‘I can’t shout it all over the park. Come down and talk like normal people.’

          ‘Wait a minute, then.’ Carol handed the mug, paper bag and her shoulder bag down to Babs who received them with amusement, in spite of her obvious agitation, and lined them up on the grass. Carol landed next to her and leaned against the engine. She smoothed her skirt back into place and regarded her friend with an affectionate smile.

          ‘You won’t want to sit on the grass, I suppose.’

          Babs grimaced. ‘Do you have to be so, so rural? What have you got against offices - and chairs, for goodness sake?’

          Carol gathered up her things. ‘Nothing, Babs. Come on, we can sit in your car. It’s too nice a day to be inside.’ She swallowed the last of her coffee, stuffed the empty mug and the remains of her breakfast into her bag and followed Babs to the Mercedes.

          When they’d settled themselves inside, Carol leaned back against the head rest and eyed her friend. ‘Okay, tell me your troubles.’

          ‘Carol!’ Babs breathed. ‘You’re not going to believe - you should have been there last night, you’d have had hysterics. It was absolutely awful.’

          ‘Tell me?’ Carol offered.

          ‘Wanda’s left Pat and is living with Jon Price!’

          Carol’s brow creased. ‘Since when?’

          ‘Since now. They were all at the casino last night, even Pat. Some last minute goodwill gesture, I gather. Anyway, it was the most embarrassing thing I’ve ever seen and I’m furious with Wanda for inflicting it on us all. My God, Carol, you should have seen her. She was vicious.’

          Carol caught the reluctant admiration in her friend’s voice and smiled slightly. ‘Oh, I’m sure she’s magnificent when aroused. So, what happened?’

          ‘About ten o’clock, she came swanning in with both of those hunks. Of course, Pat was right out of his depth, I told you how he is. Wanda dragged him everywhere, introduced him to all her set. She told us, quite blatantly, “This is my husband, Pat. I’m leaving him and moving in with Jon.”’

          ‘Good God!’

          ‘Absolutely! I was so embarrassed. If I could have, I’d have hidden under the table. But Pat didn’t seem to care that he was being totally humiliated. He and Jon acted like the best of friends.’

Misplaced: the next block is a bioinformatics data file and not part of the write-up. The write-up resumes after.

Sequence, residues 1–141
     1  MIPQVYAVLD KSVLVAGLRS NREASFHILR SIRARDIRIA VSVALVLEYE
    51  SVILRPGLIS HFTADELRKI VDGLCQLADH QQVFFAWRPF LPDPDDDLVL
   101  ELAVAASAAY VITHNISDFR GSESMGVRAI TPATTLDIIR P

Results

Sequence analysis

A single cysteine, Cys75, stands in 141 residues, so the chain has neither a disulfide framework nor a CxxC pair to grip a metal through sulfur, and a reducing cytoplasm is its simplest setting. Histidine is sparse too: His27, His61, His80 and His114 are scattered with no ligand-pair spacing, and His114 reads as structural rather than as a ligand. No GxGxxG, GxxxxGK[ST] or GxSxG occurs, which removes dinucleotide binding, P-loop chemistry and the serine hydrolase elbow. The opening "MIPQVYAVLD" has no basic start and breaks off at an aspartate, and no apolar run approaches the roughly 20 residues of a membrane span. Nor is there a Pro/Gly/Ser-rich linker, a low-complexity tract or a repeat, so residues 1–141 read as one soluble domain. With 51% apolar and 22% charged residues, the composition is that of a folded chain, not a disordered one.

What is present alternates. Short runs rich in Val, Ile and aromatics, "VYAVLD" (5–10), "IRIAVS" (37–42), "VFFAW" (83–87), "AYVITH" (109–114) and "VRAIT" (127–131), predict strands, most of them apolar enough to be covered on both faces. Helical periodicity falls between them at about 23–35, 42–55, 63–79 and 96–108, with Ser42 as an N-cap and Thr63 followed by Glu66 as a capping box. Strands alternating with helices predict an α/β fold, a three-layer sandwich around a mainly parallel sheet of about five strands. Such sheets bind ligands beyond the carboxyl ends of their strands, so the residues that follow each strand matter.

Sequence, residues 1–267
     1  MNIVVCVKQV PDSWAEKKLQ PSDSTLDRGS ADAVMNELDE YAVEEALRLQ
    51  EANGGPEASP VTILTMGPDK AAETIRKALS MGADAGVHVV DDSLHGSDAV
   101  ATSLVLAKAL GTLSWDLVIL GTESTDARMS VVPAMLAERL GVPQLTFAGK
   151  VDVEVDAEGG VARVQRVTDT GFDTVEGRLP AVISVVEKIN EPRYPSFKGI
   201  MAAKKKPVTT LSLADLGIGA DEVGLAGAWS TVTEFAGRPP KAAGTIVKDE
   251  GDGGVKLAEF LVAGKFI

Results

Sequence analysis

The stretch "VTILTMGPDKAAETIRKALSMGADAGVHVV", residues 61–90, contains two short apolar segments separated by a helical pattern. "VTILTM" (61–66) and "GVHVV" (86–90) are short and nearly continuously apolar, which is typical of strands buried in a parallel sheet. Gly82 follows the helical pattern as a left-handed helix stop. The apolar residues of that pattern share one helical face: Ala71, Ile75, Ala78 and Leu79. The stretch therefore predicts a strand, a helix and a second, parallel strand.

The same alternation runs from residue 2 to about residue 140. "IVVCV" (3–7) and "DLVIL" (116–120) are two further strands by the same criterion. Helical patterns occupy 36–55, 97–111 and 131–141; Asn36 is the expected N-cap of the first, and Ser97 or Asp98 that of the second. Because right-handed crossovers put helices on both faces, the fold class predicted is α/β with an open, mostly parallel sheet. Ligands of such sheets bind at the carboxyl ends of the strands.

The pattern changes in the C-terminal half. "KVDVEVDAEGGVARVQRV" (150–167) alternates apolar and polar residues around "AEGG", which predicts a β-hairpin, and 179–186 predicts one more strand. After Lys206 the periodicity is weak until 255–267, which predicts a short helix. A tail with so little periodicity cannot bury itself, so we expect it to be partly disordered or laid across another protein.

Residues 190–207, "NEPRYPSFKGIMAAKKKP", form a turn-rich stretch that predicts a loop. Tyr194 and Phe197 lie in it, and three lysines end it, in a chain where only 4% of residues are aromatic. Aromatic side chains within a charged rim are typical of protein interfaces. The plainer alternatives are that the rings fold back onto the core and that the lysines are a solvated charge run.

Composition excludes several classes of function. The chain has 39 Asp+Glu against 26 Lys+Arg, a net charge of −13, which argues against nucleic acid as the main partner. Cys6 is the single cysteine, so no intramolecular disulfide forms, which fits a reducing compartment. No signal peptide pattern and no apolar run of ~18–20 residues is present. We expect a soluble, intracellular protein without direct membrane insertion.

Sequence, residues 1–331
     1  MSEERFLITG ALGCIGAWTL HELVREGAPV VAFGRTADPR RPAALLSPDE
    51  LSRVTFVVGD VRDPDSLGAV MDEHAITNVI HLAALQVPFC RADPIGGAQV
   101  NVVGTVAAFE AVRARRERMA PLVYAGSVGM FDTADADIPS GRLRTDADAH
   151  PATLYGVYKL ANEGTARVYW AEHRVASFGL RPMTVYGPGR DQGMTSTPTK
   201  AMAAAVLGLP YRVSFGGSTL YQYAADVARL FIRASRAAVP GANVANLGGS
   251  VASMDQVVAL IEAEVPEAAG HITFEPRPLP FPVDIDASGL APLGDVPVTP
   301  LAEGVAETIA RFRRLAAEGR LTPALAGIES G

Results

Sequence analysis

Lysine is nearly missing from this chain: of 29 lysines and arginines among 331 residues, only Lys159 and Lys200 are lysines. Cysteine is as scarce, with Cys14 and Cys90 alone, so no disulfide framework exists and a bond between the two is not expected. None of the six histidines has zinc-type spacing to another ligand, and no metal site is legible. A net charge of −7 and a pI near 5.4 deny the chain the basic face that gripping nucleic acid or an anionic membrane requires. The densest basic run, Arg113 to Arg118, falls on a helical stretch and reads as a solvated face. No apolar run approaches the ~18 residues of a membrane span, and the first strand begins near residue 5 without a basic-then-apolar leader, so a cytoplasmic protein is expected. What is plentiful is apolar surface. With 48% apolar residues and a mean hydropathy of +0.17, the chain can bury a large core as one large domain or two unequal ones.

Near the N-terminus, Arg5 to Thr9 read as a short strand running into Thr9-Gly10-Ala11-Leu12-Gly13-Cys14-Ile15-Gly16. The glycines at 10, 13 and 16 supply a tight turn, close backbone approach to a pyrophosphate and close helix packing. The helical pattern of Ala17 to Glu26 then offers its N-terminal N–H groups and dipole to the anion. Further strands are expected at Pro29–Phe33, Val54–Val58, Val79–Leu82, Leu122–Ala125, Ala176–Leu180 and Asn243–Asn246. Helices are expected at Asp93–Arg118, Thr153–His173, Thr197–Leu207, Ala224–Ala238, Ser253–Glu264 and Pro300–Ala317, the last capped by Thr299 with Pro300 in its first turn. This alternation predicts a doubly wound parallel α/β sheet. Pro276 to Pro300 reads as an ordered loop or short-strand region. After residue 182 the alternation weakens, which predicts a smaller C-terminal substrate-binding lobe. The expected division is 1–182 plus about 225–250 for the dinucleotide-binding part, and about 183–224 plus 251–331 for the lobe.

Babs’ eyes were wide with lingering disbelief. ‘Wanda told us, in Pat’s hearing, that they’d spent the afternoon talking it through with Jon, and Pat was happy for her, pleased she was going to a good man who’d look after her. But, you know, Carol, I don’t think she was very happy. She seemed on a real high, laughing and carrying on with both of them, but she was hell bent on punishing Pat. She told us that, as he couldn’t make her happy, she had his blessing to go with Jon.’

          Carol blinked. ‘How extremely civilised,’ she said carefully.

          ‘Well, you might think so, but I caught Pat looking at her a couple of times as if he could have killed her. It made me shiver. All that lot set so much store on face, as Wanda calls it. She made sure Pat lost face last night, with interest.’

          Carol shuddered. ‘I’m glad I wasn’t there.’

          ‘I wish I hadn’t been. But that wasn’t all. When they left, Wanda said goodnight to Pat and drove off with Jon, She’s moved in with him already. So that’s that!’ Babs still sounded shocked.

          ‘You do have exciting friends, Babs.’

          Babs uneasily twisted a strand of her gold hair. ‘Well, Wanda’s not my flavour of the month at the moment, but I expect I’ll forgive her. You can’t say life’s dull when she’s around. It’ll be awfully embarrassing, though, if she and Jon are going to be an item all over the place.’

          ‘You told me they’d been having an affair for months.’

          Babs sighed. ‘Yes, but at least they were discreet about it. Honestly, Carol, I cringe inside every time I think of that scene - and poor Pat’s face. No one’s that civilised. Pat’s the strong, silent type, but even his fuse must be burning pretty fast at the moment.’ She smoothed her hair. ‘It’s a good thing Jon’s going to Sydney at the end of the month to take over the company.’

          ‘More loss of face for Pat?’

          Babs nodded. ‘Wanda said it was all very hush-hush but Jon was promoted over Pat because he’s much more brilliant. Pat will stay in Brisbane because his father thinks a state office is all he can handle. It’s not official yet, but she and Jon are off to Sydney.’ Babs frowned indignantly. ‘Later I found out she’d told practically everyone, strictly in confidence, of course.’

          Carol remembered Jonathan’s desperate face, his hint of ‘something even better’ that would be broadcast soon enough. She thought, The poor fool. Anyway, it’s nothing to do with me how he screws up his life. I’m not likely to see either of them again.